Meet the Team
Erika Harold, DPT, works as a physical therapist with the CVA (cerebrovascular accident) acute inpatient rehab team at MossRehab Elkins Park. She is a neurological clinical specialist and certified in using the EksoNR Robotic Exoskeleton in gait rehabilitation
My mom, who is in healthcare, encouraged me to explore different career options when in high school. After volunteering at different physical therapy (PT) clinics, I liked how therapists build a relationship with patients while using movement and exercise to treat injuries. Since I enjoyed working with people and living an active lifestyle, that experience put me on track to pursue a PT career.
I received my undergraduate degree from Elizabethtown College, which had a cooperative three-plus-three program with Thomas Jefferson University. I spent three years at Elizabethtown, then transitioned to Thomas Jefferson, where I earned my doctor of physical therapy degree in three years. When attending Jefferson, I completed clinicals at the University of Maryland Medical Center within their outpatient neuro program and Magee Rehabilitation Hospital in inpatient acute rehab. The experiences got me interested in acute rehab and the neuro field.
I started my PT career in acute care at the University of Maryland Medical Center. After two years, I wanted to return to the neuro field and applied for the MossRehab Neurologic PT Residency Program. It gave me more exposure to the neuro population while working in acute rehab. After finishing the year-long residency in 2018, I started working full-time at MossRehab on the CVA (cerebrovascular accident) acute inpatient rehab team in Elkins Park. I decided to stay after completing my residency at MossRehab because of the opportunities available both clinically and professionally. MossRehab fosters a great learning environment where I can continue to grow.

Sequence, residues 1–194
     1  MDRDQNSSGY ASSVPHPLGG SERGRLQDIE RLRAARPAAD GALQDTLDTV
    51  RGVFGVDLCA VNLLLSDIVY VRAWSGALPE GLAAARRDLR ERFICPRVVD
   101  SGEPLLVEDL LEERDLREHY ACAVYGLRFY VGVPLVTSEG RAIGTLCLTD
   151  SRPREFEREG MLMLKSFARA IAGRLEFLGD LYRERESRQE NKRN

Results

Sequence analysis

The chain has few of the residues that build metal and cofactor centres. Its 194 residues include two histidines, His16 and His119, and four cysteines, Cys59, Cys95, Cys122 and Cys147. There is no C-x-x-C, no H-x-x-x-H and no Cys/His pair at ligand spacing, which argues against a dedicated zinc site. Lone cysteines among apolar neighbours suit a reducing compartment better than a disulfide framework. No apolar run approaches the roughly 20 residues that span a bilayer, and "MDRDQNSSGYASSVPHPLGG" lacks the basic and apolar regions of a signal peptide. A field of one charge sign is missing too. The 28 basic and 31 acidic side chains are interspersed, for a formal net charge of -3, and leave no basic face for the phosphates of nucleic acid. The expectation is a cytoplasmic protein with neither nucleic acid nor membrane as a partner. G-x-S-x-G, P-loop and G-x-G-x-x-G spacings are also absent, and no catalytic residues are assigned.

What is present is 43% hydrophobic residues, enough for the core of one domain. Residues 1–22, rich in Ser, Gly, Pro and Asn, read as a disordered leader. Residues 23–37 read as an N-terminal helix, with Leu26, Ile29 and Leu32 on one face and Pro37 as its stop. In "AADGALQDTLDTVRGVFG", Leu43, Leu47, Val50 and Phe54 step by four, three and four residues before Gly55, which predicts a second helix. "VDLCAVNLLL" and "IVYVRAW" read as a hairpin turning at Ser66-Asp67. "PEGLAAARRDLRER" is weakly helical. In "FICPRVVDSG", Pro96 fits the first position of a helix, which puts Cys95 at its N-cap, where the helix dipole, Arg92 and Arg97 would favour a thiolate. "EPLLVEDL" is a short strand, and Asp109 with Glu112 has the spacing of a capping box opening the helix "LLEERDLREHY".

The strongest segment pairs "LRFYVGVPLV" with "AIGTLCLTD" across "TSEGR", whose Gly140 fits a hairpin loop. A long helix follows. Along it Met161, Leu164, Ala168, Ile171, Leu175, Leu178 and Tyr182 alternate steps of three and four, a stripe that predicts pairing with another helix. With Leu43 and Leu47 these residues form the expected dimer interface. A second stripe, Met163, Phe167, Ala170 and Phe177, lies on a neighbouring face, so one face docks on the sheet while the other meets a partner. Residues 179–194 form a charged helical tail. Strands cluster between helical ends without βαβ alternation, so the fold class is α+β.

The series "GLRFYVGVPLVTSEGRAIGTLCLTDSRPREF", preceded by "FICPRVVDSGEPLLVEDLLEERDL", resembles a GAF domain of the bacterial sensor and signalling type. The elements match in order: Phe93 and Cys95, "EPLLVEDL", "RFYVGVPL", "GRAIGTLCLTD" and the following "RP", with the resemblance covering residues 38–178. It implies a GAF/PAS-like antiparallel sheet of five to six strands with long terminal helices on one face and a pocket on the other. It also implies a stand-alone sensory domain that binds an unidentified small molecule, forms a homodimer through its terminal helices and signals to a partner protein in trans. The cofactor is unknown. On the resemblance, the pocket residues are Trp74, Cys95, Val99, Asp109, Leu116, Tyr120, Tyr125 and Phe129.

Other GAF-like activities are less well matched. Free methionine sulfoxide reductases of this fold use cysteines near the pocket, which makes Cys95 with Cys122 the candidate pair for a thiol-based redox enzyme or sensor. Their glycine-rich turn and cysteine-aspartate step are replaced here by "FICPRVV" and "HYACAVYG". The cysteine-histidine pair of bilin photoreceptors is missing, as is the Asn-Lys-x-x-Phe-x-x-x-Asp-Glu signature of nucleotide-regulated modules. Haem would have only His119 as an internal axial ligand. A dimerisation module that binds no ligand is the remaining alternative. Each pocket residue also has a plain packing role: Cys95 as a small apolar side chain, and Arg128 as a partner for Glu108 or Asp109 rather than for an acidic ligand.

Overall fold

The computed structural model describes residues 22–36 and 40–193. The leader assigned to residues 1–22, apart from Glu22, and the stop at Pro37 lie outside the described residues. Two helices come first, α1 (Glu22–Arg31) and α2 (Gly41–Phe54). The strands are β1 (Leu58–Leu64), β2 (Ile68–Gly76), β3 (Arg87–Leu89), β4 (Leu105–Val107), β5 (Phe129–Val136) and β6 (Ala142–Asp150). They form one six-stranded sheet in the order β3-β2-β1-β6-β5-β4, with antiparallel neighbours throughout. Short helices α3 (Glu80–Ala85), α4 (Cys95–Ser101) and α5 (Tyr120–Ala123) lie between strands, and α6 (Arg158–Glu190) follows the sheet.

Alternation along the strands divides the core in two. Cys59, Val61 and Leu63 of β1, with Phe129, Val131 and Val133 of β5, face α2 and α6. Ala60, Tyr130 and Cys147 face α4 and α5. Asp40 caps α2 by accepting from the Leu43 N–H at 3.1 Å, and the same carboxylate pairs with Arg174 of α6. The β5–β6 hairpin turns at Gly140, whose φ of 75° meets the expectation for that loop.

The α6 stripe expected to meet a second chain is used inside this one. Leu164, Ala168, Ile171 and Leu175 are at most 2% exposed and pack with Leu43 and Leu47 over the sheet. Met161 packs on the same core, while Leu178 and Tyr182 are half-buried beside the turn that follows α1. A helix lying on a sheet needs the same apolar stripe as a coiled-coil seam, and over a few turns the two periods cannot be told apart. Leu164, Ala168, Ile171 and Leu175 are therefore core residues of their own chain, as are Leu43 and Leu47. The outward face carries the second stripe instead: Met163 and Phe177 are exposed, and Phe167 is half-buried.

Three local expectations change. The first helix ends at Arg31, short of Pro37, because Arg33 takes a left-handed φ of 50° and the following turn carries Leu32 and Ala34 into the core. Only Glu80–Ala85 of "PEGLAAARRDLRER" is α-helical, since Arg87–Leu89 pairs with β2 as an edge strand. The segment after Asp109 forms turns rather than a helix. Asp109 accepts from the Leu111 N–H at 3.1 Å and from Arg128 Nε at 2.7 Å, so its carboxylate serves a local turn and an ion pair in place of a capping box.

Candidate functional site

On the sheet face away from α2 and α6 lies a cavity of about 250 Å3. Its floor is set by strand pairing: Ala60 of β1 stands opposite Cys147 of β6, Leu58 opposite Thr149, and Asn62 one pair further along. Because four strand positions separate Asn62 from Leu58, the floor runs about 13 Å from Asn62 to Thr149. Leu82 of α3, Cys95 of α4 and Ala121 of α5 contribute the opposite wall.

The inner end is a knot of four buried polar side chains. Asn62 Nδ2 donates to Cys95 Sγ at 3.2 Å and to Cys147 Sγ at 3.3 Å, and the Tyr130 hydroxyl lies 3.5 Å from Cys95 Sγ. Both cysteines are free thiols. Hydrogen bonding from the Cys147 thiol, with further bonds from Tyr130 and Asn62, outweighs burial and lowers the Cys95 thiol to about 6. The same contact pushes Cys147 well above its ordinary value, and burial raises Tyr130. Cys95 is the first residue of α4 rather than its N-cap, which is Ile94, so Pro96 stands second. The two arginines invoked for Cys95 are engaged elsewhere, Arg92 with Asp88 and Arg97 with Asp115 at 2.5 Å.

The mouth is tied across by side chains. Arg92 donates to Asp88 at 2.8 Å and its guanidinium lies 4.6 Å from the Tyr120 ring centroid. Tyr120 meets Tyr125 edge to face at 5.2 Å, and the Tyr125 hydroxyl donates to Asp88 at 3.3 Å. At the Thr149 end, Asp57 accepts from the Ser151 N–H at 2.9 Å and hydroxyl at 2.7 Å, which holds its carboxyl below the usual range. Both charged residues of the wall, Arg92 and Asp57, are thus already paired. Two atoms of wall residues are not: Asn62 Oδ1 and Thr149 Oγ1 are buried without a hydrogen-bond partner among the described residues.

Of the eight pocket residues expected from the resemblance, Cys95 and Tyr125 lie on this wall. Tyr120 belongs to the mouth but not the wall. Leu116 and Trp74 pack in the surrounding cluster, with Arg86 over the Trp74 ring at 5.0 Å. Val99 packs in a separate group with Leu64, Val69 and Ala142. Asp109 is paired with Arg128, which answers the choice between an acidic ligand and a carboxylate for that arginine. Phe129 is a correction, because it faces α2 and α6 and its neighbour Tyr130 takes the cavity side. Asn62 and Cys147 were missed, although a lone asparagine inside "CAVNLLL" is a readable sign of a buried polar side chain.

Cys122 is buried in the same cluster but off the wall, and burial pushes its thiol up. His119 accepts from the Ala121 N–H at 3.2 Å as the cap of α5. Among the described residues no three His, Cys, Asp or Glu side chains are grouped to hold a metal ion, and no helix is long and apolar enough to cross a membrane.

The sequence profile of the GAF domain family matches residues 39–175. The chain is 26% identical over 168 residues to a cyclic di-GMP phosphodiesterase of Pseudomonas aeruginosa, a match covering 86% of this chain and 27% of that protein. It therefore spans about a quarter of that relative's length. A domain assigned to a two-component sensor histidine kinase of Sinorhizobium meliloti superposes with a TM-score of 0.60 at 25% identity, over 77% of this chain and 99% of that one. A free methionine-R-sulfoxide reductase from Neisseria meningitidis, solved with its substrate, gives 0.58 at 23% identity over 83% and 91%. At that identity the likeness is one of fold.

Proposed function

During my Neurologic PT Residency, I rotated on the neuro inpatient acute rehab, traumatic brain injury (TBI), spinal cord injury, and stroke units. The residency gave me the necessary clinical hours to take the neurological clinical specialist (NCS) exam, which I passed. While you don’t have to do a residency, it puts you on a fast track to become an NCS.
Working as part of the CVA team, I primarily treat patients who had a stroke. I also see those diagnosed with a brain tumor or Parkinson's disease. In addition, I float to the TBI and spinal cord injury units.
I think the biggest role that a PT plays in an acute rehab setting is helping patients achieve walking independence. I focus on gross motor movement needed to get around daily and perform tasks such as walking, standing, climbing the stairs, etc. I'll also help patients learn how to use an assistive device such as a cane or wheelchair. Another part is educating the patient and their family on moving safely when returning home and accepting and finding new ways of living with their new diagnosis.